Thursday, February 15, 2007

A Scanner Darkly

A Scanner Darkly (Richard Linklater, 2006) [5]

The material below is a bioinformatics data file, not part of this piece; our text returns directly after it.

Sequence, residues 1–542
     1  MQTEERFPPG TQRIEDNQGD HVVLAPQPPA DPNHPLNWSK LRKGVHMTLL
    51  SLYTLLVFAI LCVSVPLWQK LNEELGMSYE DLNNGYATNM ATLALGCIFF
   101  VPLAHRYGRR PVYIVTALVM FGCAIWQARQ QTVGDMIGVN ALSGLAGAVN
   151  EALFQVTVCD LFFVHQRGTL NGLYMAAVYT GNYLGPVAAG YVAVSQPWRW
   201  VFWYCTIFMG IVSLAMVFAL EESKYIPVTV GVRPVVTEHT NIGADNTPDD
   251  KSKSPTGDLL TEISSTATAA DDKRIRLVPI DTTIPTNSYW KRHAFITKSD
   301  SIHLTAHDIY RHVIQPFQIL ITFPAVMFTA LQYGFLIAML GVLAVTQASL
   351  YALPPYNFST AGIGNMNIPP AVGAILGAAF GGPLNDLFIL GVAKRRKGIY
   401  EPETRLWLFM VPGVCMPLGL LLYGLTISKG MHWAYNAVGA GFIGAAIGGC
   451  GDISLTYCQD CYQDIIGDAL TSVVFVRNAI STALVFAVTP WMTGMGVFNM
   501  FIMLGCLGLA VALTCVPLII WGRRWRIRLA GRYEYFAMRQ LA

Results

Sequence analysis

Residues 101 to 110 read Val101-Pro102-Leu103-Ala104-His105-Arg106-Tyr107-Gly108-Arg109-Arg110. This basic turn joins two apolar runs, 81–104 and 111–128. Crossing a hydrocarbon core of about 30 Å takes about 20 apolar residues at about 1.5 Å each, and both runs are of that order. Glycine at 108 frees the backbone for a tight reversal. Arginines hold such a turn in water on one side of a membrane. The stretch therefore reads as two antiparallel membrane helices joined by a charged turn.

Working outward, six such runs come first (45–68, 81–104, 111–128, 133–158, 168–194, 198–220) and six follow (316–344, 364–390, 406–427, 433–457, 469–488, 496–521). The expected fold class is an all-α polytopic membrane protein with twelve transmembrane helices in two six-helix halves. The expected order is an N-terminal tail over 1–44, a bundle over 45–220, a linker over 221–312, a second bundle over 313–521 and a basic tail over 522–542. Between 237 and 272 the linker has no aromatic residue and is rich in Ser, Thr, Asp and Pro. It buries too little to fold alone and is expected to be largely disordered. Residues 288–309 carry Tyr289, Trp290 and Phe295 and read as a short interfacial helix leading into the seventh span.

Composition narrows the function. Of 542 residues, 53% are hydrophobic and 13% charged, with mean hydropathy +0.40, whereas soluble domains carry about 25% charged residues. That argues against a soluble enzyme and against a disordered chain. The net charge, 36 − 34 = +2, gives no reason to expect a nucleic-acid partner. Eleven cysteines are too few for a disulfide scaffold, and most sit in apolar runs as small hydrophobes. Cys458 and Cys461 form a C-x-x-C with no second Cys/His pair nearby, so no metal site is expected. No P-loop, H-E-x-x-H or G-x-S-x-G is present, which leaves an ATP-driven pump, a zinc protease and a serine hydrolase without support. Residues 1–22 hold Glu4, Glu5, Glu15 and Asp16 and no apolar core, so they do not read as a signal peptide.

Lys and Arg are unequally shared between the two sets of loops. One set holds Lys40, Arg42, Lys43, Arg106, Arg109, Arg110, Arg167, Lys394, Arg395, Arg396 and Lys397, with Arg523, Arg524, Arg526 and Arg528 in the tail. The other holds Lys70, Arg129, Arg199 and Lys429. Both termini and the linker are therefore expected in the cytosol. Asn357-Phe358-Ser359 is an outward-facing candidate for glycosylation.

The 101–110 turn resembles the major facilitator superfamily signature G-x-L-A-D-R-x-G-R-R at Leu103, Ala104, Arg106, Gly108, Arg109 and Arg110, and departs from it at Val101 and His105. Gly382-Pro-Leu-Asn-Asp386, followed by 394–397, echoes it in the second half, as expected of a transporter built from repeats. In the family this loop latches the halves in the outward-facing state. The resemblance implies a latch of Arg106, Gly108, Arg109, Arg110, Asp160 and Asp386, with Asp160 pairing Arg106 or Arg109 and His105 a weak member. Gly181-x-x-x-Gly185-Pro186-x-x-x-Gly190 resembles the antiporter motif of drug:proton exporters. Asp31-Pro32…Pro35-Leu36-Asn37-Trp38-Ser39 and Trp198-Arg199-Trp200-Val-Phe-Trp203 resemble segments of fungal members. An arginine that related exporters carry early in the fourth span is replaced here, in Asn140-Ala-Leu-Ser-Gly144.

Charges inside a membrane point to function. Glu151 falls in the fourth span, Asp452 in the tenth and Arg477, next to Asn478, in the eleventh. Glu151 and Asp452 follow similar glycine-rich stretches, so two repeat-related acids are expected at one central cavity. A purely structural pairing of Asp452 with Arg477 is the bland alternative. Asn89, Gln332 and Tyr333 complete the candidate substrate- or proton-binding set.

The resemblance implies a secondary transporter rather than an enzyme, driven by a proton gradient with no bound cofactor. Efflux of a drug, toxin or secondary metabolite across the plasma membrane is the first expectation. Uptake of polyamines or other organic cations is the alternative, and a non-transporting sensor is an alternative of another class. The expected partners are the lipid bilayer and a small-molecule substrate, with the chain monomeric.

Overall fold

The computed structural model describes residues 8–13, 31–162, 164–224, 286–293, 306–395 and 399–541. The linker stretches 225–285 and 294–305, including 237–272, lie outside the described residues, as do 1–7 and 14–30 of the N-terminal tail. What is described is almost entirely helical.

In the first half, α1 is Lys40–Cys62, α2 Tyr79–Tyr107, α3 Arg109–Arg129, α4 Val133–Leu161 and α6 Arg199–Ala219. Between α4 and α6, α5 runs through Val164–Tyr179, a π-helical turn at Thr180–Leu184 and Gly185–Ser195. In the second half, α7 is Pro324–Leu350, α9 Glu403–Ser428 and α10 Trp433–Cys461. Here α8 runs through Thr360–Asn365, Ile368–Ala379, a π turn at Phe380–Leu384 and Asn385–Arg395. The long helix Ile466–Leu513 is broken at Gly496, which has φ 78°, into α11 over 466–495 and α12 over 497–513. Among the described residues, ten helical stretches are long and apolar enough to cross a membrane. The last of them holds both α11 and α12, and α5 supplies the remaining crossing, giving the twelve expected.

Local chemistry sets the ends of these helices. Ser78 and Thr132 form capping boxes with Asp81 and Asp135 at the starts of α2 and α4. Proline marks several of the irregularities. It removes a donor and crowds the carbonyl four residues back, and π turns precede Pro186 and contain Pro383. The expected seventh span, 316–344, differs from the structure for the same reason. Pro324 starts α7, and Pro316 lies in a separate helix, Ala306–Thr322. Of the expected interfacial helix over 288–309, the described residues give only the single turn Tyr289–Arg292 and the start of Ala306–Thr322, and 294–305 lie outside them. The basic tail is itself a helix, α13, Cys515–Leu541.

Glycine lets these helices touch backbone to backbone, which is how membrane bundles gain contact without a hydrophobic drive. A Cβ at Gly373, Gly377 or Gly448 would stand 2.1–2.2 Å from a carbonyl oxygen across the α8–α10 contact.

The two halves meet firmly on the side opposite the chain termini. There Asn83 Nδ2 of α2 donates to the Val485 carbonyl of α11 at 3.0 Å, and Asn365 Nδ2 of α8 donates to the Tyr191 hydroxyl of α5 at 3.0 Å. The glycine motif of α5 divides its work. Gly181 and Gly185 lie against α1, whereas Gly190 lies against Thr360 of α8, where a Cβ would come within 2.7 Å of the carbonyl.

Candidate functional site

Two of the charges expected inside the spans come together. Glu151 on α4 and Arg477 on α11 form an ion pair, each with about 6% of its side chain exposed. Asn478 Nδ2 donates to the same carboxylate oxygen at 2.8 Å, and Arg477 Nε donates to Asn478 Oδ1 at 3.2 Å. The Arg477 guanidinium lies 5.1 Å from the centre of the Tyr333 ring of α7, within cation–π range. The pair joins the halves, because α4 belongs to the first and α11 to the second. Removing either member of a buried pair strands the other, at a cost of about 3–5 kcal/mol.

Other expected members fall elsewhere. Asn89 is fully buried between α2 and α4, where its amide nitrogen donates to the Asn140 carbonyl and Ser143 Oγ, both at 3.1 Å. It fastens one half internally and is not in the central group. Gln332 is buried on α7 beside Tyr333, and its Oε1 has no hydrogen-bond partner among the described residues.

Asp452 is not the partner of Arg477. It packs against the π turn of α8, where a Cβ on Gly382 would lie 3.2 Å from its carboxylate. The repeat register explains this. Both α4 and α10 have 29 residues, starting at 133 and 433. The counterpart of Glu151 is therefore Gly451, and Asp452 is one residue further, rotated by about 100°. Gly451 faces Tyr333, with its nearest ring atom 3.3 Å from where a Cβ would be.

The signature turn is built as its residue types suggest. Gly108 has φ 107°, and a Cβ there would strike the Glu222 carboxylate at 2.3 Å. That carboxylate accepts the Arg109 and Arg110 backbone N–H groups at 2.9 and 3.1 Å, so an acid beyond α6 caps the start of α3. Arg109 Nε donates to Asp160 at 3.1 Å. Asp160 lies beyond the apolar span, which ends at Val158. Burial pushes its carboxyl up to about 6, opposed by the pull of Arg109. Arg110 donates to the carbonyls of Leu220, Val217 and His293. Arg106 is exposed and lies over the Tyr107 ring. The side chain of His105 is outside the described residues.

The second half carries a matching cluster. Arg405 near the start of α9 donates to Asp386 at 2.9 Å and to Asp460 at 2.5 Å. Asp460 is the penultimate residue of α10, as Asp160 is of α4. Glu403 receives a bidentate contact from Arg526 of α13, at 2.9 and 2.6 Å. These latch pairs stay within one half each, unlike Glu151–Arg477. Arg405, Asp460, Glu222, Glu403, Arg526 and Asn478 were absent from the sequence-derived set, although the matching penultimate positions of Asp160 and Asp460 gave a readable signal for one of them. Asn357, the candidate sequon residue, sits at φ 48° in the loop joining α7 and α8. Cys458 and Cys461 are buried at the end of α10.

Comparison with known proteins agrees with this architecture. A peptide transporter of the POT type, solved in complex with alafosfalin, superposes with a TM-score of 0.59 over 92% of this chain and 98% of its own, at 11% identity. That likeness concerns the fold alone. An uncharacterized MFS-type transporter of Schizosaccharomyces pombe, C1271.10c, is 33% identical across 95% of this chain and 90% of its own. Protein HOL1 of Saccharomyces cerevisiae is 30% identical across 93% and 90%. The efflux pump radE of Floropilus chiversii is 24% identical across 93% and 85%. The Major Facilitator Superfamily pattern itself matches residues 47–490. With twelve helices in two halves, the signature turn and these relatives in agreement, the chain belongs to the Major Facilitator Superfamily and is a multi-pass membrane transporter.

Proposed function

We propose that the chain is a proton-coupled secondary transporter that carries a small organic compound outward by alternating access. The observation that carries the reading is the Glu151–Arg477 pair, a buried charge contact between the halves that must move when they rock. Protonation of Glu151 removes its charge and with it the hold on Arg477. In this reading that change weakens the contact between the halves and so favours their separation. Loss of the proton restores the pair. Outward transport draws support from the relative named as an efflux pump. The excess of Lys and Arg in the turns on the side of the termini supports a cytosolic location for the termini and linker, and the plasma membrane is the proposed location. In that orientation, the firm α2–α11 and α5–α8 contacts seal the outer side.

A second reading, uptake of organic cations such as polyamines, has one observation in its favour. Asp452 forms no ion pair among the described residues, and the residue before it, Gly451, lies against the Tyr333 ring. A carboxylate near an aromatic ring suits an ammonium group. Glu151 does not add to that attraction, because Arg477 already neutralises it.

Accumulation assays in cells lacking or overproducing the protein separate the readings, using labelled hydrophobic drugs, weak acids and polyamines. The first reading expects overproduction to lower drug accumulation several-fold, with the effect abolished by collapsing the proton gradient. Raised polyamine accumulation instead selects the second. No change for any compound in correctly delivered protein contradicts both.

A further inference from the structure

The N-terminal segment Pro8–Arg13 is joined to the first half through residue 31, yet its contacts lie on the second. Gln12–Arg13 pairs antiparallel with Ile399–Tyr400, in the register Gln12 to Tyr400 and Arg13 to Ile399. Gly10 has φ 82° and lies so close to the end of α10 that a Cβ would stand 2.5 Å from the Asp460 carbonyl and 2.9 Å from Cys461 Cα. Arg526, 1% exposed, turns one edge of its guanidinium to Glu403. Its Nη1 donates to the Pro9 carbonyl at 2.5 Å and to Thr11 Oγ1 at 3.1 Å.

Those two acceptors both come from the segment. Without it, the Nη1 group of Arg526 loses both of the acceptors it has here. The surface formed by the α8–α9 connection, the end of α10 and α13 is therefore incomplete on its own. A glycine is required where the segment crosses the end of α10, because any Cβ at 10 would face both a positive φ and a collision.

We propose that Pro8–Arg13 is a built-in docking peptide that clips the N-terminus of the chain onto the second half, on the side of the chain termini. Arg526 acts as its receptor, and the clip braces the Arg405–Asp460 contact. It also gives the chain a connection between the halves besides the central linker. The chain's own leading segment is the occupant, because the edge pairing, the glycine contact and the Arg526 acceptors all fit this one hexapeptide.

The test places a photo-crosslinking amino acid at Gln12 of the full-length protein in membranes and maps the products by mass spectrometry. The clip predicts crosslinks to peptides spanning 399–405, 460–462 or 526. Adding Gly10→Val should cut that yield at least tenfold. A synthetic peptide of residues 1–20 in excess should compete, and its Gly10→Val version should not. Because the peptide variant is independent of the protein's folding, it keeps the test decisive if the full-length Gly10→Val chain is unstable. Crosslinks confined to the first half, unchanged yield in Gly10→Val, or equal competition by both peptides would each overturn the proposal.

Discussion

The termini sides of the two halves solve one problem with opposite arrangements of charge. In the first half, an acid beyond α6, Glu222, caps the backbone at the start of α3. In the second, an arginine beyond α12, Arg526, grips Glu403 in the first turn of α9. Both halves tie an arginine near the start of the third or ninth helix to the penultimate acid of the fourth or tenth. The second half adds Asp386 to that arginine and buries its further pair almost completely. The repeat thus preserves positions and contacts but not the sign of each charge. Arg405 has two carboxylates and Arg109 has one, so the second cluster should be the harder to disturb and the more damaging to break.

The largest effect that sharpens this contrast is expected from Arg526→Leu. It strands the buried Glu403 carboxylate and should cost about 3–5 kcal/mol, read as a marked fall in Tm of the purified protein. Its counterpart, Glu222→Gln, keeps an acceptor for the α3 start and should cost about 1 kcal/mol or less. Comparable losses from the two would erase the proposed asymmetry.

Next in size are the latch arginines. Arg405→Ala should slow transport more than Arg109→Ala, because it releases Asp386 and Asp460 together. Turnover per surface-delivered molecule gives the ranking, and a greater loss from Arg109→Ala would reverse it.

Let's make this review short and sweet: I just never really got into this. The rotoscoping enhances the cloud of paranoia that encircles the film really well, and the ideas brought up (drug addiction, government surveillance, paranoia, the loss of the self) are all interesting but somehow that didn't translate into a coherent work for me. The one theme that keeps popping up when thinking about this film is Foucault's writings on the penopticon and the power of self-surveillance. One of the main themes of the film is that everybody is watching everybody, but for those who didn't take literary theory, it doesn't mean that much. I felt the performances, with the exception of Robert Downey Jr., were pretty much lackluster. My main problem stems from the fact that there's not much here in terms of images or performances that manage to stick in my mind. Now Linklater may have purposely done this, keeping everything so matter of fact, and it does work in regards to the world of the film and what Philip K. Dick was attempting to get across. But for the film as a whole, it seems to mirror its main characters in a foggy, deadened state.

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